Former congressman James Traficant of Ohio, remembered best for his outrageous wardrobe, unruly hairdos and fiery speeches on the House floor, was released from prison today after serving a seven-year sentence for bribery and racketeering.
The nine-term Ohio Democrat, whose hair is now tamed, sported a gray t-shirt and white shorts as he left the Federal Medical Center in Rochester, Minn. Public information officer Dan Cansino of the center told ABC News that Traficant got into a cab that was waiting for him outside the facility.
It is not known whether the former congressman will return to public life, or what he will do next. When reached by ABC News, Traficant's wife refused to comment.
The 68-year-old maverick was known for his flamboyance and legal entanglements. A "Star Trek" aficionado, Traficant almost always finished his speeches on the House floor with the signature sign-off, "Beam me up."
The former congressman liked to put on a show, waving his arms, lambasting people he did not care for and using colorful language. His often eccentric behavior was punctuated with rhetoric such as, "I plan to fight like a junkyard dog" and "I ought to kick you right in the crotch."
After Traficant was convicted in 2002 of tax evasion and for taking bribes, hearings began in the House Ethics Committee to determine whether the body would recommend Traficant's expulsion from the House of Representatives.
On the final day of the hearing, the combative Ohio Democrat urged the committee to disregard everything the opposing council had said.
"I think they're delusionary. I think they have had something funny for lunch in their meal," he said. "I think they should be handcuffed to a chain-link fence, flogged, and all of their hearsay evidence should be thrown the hell out, and if they lie again, I'm going to go over and kick them in the crotch. Thank you very much."
While there have been many motions of expulsion in Congress' history, Traficant is part of an elite group -- one of just five -- who have been expelled from the House of Representatives.
In a 420-1 vote, the House found that "his conviction of conspiracy to commit bribery and to defraud US receipt of illegal gratuities, obstruction of justice, filing false tax returns and racketeering, in connection with receipt of favors and money in return for official acts, and receipt of salary kickbacks from staff," as documented by the Office of the House Historian, was grounds for expulsion.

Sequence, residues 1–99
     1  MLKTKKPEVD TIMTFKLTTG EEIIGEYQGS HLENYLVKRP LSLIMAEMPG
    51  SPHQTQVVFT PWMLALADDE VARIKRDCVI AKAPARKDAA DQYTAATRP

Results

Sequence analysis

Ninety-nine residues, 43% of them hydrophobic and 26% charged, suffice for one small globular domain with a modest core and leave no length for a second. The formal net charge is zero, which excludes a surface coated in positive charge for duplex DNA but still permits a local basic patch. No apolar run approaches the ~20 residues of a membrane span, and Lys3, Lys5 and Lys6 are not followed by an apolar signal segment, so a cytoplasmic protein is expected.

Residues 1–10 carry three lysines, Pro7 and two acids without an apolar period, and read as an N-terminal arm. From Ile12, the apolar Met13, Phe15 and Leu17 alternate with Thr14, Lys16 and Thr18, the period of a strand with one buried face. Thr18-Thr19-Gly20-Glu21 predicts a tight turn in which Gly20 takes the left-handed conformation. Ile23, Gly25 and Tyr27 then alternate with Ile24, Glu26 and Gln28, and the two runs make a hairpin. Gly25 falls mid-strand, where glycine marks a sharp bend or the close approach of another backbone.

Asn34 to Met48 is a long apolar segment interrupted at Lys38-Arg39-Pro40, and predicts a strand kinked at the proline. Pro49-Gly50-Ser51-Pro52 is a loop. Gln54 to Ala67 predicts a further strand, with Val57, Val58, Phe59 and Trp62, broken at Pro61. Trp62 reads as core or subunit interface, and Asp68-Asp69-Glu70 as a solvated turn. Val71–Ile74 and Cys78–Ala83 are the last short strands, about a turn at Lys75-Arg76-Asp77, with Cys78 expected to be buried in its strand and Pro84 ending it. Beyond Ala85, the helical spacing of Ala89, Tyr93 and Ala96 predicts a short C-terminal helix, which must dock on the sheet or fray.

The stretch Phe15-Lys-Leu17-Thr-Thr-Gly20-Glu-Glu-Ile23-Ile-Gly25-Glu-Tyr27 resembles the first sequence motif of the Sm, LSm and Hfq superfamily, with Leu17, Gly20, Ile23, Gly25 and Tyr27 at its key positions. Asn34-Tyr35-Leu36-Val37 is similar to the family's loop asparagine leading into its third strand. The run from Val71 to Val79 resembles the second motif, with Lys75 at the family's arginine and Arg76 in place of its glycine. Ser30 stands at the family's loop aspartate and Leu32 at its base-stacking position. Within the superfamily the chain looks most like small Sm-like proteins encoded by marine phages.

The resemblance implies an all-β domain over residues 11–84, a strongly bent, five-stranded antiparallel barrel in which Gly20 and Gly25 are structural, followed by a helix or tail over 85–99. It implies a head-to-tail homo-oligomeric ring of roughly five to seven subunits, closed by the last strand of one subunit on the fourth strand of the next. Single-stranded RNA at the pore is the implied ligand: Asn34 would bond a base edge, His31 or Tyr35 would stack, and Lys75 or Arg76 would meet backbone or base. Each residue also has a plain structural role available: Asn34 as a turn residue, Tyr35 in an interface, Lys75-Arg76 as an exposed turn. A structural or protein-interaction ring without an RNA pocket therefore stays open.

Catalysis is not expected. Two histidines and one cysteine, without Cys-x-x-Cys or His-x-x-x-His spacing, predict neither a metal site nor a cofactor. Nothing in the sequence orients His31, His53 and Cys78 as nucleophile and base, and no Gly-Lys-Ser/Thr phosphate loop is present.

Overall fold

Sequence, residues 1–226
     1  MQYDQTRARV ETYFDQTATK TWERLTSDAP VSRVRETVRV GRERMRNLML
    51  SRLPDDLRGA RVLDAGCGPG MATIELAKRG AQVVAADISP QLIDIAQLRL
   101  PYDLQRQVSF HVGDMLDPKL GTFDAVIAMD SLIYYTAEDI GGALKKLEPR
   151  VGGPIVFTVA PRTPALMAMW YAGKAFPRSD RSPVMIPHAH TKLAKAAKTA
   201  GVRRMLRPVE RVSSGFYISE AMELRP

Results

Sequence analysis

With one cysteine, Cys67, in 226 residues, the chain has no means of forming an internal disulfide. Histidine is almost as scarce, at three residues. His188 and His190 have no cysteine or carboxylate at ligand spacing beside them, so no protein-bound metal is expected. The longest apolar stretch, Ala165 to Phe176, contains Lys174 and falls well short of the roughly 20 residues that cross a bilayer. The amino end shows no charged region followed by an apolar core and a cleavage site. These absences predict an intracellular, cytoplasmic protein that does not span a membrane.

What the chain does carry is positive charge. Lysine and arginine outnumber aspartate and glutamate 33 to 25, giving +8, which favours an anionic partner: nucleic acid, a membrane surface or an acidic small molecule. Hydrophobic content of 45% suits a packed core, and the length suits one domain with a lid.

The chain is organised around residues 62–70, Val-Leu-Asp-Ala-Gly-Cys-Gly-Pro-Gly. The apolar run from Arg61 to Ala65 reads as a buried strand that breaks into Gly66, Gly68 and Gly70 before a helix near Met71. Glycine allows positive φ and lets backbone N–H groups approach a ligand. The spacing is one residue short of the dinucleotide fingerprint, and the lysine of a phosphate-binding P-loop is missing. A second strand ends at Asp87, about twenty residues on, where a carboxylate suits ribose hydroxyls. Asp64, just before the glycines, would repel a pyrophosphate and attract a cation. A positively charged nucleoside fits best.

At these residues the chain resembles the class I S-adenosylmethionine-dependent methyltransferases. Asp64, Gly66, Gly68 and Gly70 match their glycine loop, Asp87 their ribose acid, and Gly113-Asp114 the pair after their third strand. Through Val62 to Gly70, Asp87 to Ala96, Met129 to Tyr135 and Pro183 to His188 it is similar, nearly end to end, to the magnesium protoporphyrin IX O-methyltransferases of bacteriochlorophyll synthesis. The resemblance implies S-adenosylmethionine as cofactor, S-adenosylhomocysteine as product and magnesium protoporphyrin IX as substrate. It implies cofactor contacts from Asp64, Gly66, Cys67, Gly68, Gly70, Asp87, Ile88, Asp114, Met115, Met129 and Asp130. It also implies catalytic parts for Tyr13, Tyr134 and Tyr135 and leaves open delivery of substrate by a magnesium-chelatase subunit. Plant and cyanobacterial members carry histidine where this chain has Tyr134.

In a memo provided to ABC News on members of the House who were expelled, the House historian also points out that the Ohio Democrat was the most recent and only the second member since the Civil War to be expelled.
During his life in the public eye, Traficant was long a target of suspicion by a grand jury looking into organized crime in Youngstown, but he always adamantly denied any ties to the mob.
"I have a hell of a record, and the mob hates Jim Traficant," he said. "In fact, Jim Traficant's life has been threatened by the mob, and I've had about enough of it."
In the 1980s, Traficant was the sheriff of Youngstown, a city that was at times referred to as "Crime Town, USA." He made his name as a small town "Dirty Harry," until the federal authorities charged him with racketeering for accepting bribes. After representing himself in the criminal trial, Traficant was acquitted.
Traficant used the same defense in 2002 as he did in the 1980s -- the bureaucrats were going after a little guy with a big mouth.
"We've got a government of the bureaucrats, by the bureaucrats, for the bureaucrats. I love Congress but Congress don't even govern anymore. Even the federal judges are afraid of these people," Traficant told Charles Gibson on "Good Morning America" on the first day of his trial in 2002.
"Look, I'm like a mouse looking up at an elephant, asking the elephant to surrender, quite frankly," he said. "But you know, I'll tell you something, I believe in America that we have gotten something out of hand here. I believe we have bureaucrats who run America, and people are afraid of the government."
A homecoming party is planned for the former congressmen on his return to Youngstown.
Linda Kovachik, a former Capitol Hill staff member for Traficant, displayed yellow ribbons outside her house to welcome him home, the AP reported.
ABC News attempted to contact Kovachik, but received her voicemail, which advertised the "appreciation dinner" for Traficant's return and provided directions on how to buy tickets for the event.